# NAG FL Interfacee01zmf (dimn_​scat_​shep)

## 1Purpose

e01zmf generates a multidimensional interpolant to a set of scattered data points, using a modified Shepard method. When the number of dimensions is no more than five, there are corresponding routines in Chapter E01 which are specific to the given dimensionality. e01sgf generates the two-dimensional interpolant, while e01tgf, e01tkf and e01tmf generate the three-, four- and five-dimensional interpolants respectively.

## 2Specification

Fortran Interface
 Subroutine e01zmf ( d, m, x, f, nw, nq, iq, rq,
 Integer, Intent (In) :: d, m, nw, nq Integer, Intent (Inout) :: ifail Integer, Intent (Out) :: iq(2*m+1) Real (Kind=nag_wp), Intent (In) :: x(d,m), f(m) Real (Kind=nag_wp), Intent (Out) :: rq(*)
#include <nag.h>
 void e01zmf_ (const Integer *d, const Integer *m, const double x[], const double f[], const Integer *nw, const Integer *nq, Integer iq[], double rq[], Integer *ifail)
The routine may be called by the names e01zmf or nagf_interp_dimn_scat_shep.

## 3Description

e01zmf constructs a smooth function $Q\left(\mathbf{x}\right)$, $\mathbf{x}\in {ℝ}^{d}$ which interpolates a set of $m$ scattered data points $\left({\mathbf{x}}_{r},{f}_{r}\right)$, for $r=1,2,\dots ,m$, using a modification of Shepard's method. The surface is continuous and has continuous first partial derivatives.
The basic Shepard method, which is a generalization of the two-dimensional method described in Shepard (1968), interpolates the input data with the weighted mean
 $Q x = ∑ r=1 m wr x qr ∑ r=1 m wr x ,$
where ${q}_{r}={f}_{r}$, ${w}_{r}\left(\mathbf{x}\right)=\frac{1}{{{‖\mathbf{x}-{\mathbf{x}}_{r}‖}_{2}}^{2}}$.
The basic method is global in that the interpolated value at any point depends on all the data, but e01zmf uses a modification (see Franke and Nielson (1980) and Renka (1988a)), whereby the method becomes local by adjusting each ${w}_{r}\left(\mathbf{x}\right)$ to be zero outside a hypersphere with centre ${\mathbf{x}}_{r}$ and some radius ${R}_{w}$. Also, to improve the performance of the basic method, each ${q}_{r}$ above is replaced by a function ${q}_{r}\left(\mathbf{x}\right)$, which is a quadratic fitted by weighted least squares to data local to ${\mathbf{x}}_{r}$ and forced to interpolate $\left({\mathbf{x}}_{r},{f}_{r}\right)$. In this context, a point $\mathbf{x}$ is defined to be local to another point if it lies within some distance ${R}_{q}$ of it.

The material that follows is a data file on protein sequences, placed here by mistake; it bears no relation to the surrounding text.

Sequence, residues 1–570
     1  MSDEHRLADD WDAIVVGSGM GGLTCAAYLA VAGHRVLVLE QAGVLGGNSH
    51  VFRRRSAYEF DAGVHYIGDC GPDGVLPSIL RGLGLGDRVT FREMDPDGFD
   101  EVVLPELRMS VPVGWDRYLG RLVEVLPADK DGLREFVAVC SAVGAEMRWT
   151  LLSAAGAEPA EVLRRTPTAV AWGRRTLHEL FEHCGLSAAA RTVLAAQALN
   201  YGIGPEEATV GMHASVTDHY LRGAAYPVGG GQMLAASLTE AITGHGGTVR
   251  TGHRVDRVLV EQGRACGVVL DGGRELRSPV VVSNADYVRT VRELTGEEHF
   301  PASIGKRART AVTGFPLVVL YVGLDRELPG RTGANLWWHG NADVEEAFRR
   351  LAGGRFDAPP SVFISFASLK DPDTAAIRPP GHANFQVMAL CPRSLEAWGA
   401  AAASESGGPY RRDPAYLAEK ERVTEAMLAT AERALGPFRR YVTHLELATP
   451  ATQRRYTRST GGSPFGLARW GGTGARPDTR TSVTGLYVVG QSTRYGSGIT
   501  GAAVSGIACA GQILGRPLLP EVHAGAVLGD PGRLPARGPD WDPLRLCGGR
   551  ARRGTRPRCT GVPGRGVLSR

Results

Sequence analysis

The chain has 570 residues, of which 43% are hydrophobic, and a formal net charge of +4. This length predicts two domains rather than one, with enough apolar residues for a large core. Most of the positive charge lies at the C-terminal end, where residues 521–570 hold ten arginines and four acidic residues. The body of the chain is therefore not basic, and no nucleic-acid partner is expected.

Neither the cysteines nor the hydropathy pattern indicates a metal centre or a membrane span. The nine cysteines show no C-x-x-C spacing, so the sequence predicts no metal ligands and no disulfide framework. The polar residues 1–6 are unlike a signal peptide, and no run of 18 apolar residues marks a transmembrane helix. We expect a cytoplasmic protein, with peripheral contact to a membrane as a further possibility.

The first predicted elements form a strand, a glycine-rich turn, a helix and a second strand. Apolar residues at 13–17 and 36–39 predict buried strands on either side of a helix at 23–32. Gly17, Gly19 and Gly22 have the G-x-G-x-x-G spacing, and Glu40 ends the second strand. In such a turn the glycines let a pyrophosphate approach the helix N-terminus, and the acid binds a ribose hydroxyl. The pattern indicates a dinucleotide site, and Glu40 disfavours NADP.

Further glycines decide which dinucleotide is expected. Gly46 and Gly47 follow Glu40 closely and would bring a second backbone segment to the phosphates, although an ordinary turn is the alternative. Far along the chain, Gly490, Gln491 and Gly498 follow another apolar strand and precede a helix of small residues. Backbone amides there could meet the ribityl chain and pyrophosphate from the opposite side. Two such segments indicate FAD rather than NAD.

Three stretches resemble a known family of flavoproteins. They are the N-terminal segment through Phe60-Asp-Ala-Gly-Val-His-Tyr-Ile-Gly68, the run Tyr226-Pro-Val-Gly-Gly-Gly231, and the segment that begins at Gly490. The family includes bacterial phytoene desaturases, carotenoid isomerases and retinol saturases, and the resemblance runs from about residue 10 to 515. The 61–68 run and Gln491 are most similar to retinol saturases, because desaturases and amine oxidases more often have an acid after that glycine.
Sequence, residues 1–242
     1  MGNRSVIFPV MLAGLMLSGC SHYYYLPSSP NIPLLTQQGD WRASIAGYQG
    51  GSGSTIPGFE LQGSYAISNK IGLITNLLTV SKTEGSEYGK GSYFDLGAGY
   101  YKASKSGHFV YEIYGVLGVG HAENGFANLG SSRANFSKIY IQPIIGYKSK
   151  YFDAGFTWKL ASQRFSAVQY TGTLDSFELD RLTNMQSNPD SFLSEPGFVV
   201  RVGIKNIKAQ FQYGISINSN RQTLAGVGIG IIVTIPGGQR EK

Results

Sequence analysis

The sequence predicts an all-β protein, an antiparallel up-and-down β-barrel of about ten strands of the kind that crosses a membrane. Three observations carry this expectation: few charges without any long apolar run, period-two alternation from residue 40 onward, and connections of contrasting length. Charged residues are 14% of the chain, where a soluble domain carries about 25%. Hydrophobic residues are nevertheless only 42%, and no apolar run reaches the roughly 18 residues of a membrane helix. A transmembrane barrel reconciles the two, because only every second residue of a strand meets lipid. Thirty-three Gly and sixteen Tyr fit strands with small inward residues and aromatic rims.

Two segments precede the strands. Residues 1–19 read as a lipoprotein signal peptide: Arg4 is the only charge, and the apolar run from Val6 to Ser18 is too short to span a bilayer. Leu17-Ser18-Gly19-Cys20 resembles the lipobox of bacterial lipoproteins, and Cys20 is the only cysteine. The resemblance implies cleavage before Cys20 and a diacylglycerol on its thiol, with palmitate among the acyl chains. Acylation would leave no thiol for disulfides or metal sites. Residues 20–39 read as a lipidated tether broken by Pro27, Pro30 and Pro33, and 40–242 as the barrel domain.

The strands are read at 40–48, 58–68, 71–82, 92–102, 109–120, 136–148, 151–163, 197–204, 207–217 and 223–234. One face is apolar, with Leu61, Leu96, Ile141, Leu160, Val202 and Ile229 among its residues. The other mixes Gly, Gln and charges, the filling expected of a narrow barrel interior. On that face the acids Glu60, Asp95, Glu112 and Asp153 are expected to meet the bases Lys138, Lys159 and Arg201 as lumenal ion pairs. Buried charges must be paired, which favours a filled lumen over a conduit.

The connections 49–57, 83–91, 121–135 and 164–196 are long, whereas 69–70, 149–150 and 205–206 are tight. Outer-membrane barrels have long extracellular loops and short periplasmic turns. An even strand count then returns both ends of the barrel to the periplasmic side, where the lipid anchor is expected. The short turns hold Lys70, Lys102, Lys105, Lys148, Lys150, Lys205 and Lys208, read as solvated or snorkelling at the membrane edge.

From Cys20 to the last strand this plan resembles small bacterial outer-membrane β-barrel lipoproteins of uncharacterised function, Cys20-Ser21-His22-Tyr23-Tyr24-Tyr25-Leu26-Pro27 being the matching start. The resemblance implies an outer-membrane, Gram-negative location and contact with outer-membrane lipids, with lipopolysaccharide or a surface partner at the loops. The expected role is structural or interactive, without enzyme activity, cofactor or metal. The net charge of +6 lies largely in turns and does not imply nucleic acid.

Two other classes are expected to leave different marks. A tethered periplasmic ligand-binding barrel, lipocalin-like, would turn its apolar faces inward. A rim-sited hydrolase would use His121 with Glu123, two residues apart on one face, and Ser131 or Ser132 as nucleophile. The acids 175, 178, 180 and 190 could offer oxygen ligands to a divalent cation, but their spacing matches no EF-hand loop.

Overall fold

The efficiency of e01zmf is enhanced by using a cell method for nearest neighbour searching due to Bentley and Friedman (1979) with a cell density of $3$.
The radii ${R}_{w}$ and ${R}_{q}$ are chosen to be just large enough to include ${N}_{w}$ and ${N}_{q}$ data points, respectively, for user-supplied constants ${N}_{w}$ and ${N}_{q}$. Default values of these parameters are provided, and advice on alternatives is given in Section 9.2.
e01zmf is derived from the new implementation of QSHEP3 described by Renka (1988b). It uses the modification for high-dimensional interpolation described by Berry and Minser (1999).
Values of the interpolant $Q\left(\mathbf{x}\right)$ generated by e01zmf, and its first partial derivatives, can subsequently be evaluated for points in the domain of the data by a call to e01znf.

## 4References

Bentley J L and Friedman J H (1979) Data structures for range searching ACM Comput. Surv. 11 397–409
Berry M W, Minser K S (1999) Algorithm 798: high-dimensional interpolation using the modified Shepard method ACM Trans. Math. Software 25 353–366
Franke R and Nielson G (1980) Smooth interpolation of large sets of scattered data Internat. J. Num. Methods Engrg. 15 1691–1704
Renka R J (1988a) Multivariate interpolation of large sets of scattered data ACM Trans. Math. Software 14 139–148
Renka R J (1988b) Algorithm 661: QSHEP3D: Quadratic Shepard method for trivariate interpolation of scattered data ACM Trans. Math. Software 14 151–152
Shepard D (1968) A two-dimensional interpolation function for irregularly spaced data Proc. 23rd Nat. Conf. ACM 517–523 Brandon/Systems Press Inc., Princeton

## 5Arguments

1: $\mathbf{d}$Integer Input
On entry: $d$, the number of dimensions.
Constraint: ${\mathbf{d}}\ge 2$.
2: $\mathbf{m}$Integer Input
On entry: $m$, the number of data points.
Note: on the basis of experimental results reported in Berry and Minser (1999), when ${\mathbf{d}}\ge 5$ it is recommended to use ${\mathbf{m}}\ge 4000$.
Constraint: ${\mathbf{m}}\ge \left({\mathbf{d}}+1\right)×\left({\mathbf{d}}+2\right)/2+2$.
3: $\mathbf{x}\left({\mathbf{d}},{\mathbf{m}}\right)$Real (Kind=nag_wp) array Input
On entry: ${\mathbf{x}}\left(1:{\mathbf{d}},\mathit{r}\right)$ must be set to the Cartesian coordinates of the data point ${\mathbf{x}}_{\mathit{r}}$, for $\mathit{r}=1,2,\dots ,m$.
Constraint: these coordinates must be distinct, and must not all lie on the same $\left(d-1\right)$-dimensional hypersurface.
4: $\mathbf{f}\left({\mathbf{m}}\right)$Real (Kind=nag_wp) array Input
On entry: ${\mathbf{f}}\left(r\right)$ must be set to the data value ${f}_{\mathit{r}}$, for $\mathit{r}=1,2,\dots ,m$.
5: $\mathbf{nw}$Integer Input
On entry: the number ${N}_{w}$ of data points that determines each radius of influence ${R}_{w}$, appearing in the definition of each of the weights ${w}_{\mathit{r}}$, for $\mathit{r}=1,2,\dots ,m$ (see Section 3). Note that ${R}_{w}$ is different for each weight. If ${\mathbf{nw}}\le 0$ the default value ${\mathbf{nw}}=\mathrm{min}\phantom{\rule{0.125em}{0ex}}\left(2×\left({\mathbf{d}}+1\right)×\left({\mathbf{d}}+2\right),{\mathbf{m}}-1\right)$ is used instead.
Suggested value: ${\mathbf{nw}}=-1$.
Constraint: ${\mathbf{nw}}\le {\mathbf{m}}-1$.
6: $\mathbf{nq}$Integer Input
On entry: the number ${N}_{q}$ of data points to be used in the least squares fit for coefficients defining the quadratic functions ${q}_{r}\left(\mathbf{x}\right)$ (see Section 3). If ${\mathbf{nq}}\le 0$ the default value ${\mathbf{nq}}=\mathrm{min}\phantom{\rule{0.125em}{0ex}}\left(\left({\mathbf{d}}+1\right)×\left({\mathbf{d}}+2\right)×6/5,{\mathbf{m}}-1\right)$ is used instead.
Suggested value: ${\mathbf{nq}}=-1$.
Constraint: ${\mathbf{nq}}\le 0$ or $\left({\mathbf{d}}+1\right)×\left({\mathbf{d}}+2\right)/2-1\le {\mathbf{nq}}\le {\mathbf{m}}-1$.
7: $\mathbf{iq}\left(2×{\mathbf{m}}+1\right)$Integer array Output
On exit: integer data defining the interpolant $Q\left(\mathbf{x}\right)$.
8: $\mathbf{rq}\left(*\right)$Real (Kind=nag_wp) array Output
Note: the dimension of the array rq must be at least $\left(\left({\mathbf{d}}+1\right)×\left({\mathbf{d}}+2\right)/2\right)×{\mathbf{m}}+2×{\mathbf{d}}+1$.